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The Revolution of Everyday Life:
Impossible Communication or Power as Universal Mediation

by Raoul Vaneigem


Chapter 9 "Technology and Its Mediated use"

Contrary to the interests of those who control its use, technology tends to disenchant the world. Mass consumption society strips gadgets of any magical value. Similarly, organisation (a technique for handling new techniques) robs new productive forces of their subversive appeal and their power of disruption. Organisation thus stands revealed as nothing but the pure organisation of authority (1). Alienated mediations make man weaker as they become indispensible. A social mask disguises people and things. In the present stage of privative appropriation, this mask transforms its wearers into dead things, commodities. Nature no longer exists. To rediscover nature means to reinvent it as a worthwhile adversary by constructing new social relationships. With the expansion of material equipment, the old hierarchical society is bursting at the seams (2)

 

1

The same bankruptcy is evident in non-industrial civilisations, where people are still dying of starvation, and automated civilisations, where people are already dying od boredom. Every paradise is artificial. The life of a Trobriand islander, rich in spite of ritual and taboo, is at the mercy of a smallpox epidemic; the life of an ordinary Swede, poor in spite of his comforts, is at the mercy of suicide and survival sickness.

Rousseauism and pastoral idylls accompany the first throbbings of the industrial machine. The ideology of progress, as one finds it in Condorcet or Adam Smith, emerged from the old myth of the Four Ages. With the age of iron leading into the golden age, it seemed 'natural' that progress should fulfil itself as a return: a return to the state of innocence before the Fall.

The belief in the magical power of technology goes hand in hand with its opposite, the movement of disenchantment. The machine is the model of the intelligible. There is no mystery, nothing obscure in its drive-belts, cogs and gears; it can all be explained perfectly. But the machine is also the miracle that is to transport man into the realms of happiness and freedom. Besides, this ambiguity is useful to its masters: the old con about happy tomorrows and the green grass over the hill operates at various levels to justify the rational exploitation of men today. Thus it is not the logic of disenchantment that shakes people's faith in progress so much as the inhuman use of technical potential, the way that its mystical justification begins to grate. While the labouring classes and the underdeveloped peoples still offered the spectacle of their slowly decreasing material poverty, the enthusiasm for progress still drew ample nourishment from the troughs of liberal ideology and its extension, socialism. But, a century after the spontaneous demystification of the Lyons workers, when they smashed the looms, a general crisis broke out, springing this time from the crisis of big industry: Fascist regression, sickly dreams of a return to artisanry and corporatism, the Ubuesque master-race of blond beasts.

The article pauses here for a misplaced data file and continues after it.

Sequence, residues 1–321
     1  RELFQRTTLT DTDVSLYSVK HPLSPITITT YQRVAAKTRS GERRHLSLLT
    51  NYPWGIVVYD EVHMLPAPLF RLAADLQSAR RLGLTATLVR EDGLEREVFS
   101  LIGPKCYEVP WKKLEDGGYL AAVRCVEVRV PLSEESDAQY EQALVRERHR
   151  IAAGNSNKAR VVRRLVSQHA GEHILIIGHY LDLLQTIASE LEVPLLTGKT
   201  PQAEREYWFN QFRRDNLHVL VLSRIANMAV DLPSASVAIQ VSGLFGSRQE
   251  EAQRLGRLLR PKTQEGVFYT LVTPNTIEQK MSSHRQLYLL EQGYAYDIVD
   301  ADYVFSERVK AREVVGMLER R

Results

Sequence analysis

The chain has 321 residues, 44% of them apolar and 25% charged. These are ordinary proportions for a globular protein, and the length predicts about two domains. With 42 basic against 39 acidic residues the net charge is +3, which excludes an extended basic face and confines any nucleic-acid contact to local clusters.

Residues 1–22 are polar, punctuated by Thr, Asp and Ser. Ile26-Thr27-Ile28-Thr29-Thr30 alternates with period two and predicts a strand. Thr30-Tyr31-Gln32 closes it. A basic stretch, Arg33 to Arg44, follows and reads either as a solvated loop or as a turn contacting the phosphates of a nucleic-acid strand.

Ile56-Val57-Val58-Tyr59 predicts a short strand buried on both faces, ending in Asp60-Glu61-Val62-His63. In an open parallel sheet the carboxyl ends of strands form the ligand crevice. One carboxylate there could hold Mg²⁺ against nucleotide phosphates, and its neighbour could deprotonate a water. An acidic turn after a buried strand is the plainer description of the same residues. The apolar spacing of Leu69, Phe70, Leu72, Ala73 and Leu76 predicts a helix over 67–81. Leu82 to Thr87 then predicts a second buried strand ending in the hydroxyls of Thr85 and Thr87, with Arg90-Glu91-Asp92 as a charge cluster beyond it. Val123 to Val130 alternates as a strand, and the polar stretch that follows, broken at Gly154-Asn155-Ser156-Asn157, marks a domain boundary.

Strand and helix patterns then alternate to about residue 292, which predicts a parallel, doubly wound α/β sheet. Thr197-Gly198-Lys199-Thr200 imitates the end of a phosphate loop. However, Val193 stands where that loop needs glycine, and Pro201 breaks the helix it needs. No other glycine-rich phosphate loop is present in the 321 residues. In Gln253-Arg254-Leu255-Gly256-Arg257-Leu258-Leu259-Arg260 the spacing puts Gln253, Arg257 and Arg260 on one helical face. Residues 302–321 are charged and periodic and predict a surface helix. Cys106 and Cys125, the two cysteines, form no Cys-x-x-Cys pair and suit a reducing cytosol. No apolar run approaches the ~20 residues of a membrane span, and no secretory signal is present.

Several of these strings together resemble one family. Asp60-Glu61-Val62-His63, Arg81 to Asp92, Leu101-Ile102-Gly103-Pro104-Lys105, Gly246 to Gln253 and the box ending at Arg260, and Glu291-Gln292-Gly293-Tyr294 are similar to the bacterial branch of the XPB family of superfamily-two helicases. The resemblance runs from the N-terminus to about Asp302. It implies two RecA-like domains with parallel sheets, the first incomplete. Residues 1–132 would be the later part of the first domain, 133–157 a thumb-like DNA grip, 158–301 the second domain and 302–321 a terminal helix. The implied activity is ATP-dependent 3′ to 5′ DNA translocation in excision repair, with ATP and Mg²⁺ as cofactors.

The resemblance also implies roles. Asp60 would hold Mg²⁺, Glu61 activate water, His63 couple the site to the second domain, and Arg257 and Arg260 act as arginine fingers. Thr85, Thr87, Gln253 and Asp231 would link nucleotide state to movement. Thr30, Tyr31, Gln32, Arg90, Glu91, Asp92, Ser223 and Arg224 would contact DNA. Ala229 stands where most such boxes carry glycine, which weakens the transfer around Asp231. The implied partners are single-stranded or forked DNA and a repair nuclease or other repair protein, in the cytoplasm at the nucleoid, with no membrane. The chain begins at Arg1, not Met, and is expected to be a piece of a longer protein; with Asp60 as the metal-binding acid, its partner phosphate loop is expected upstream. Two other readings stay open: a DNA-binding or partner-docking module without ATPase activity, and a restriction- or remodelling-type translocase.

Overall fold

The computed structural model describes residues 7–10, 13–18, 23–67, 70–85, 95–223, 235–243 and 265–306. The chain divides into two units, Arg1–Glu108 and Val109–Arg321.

Today, the promises of the old society of production are raining down on our heads in an avalanche of consumer goods that nobody would venture to call mana from heaven. You can hardly believe in the magical power of gadgets in the same way as people used to believe in productive forces. There is a certain hagiographical literature on the steam hammer. One cannot imagine much on the electric toothbrush. The mass production of instruments of comfort -- all equally revolutionary according to the publicity handouts -- has given the most unsophisticated of men the right to express an opinion on the marvels of technological innovation in a tone as familiar as the hand he sticks up the barmaid's skirt. The first landing on Mars will pass unnoticed on Blackpool beach.

Admittedly, the yoke and harness, the steam engine, electricity and the rise of nuclear energy all disturbed and altered the infrastructure of society (though this was almost accidental). But today it would be foolish to expect new productive forces to upset modes of production. The blossoming of technology has seen the birth of a super-technology of synthesis which could prove as important as the social community, that first of all technical syntheses, founded at the dawn of time. Perhaps more important still; for if cybernetics was taken from its masters, it might be able to free human groups from labour and from social alienation. This was precisely the project of Charles Fourier in an age when utopia was still possible.

But between Fourier and the cyberneticians who control the operational organisation of technology lies the distance between freedom and slavery. Of course, the cybernetic project claims that it is already sufficiently developed to be able to solve all the problems raised by the appearance of a new technique. But don't you believe it

1: The permanent development of productive forces, the exploding mass production of consumer goods, promise nothing. Musical air-conditioners and solar-ovens stand unheralded and unsung. We see a weariness coming, and one that is already so obviously present that sooner or later it's bound to develop into a critique of organisation itself

2: For all its flexibility, the cybernetic synthesis will never be able to conceal the fact that it is only the superseding synthesis of the different forms of government that have ruled over men, and their final stage. How could it hope to disguise the inherent alienation that no power has ever managed to shield from the weapons of criticism and the criticism of weapons?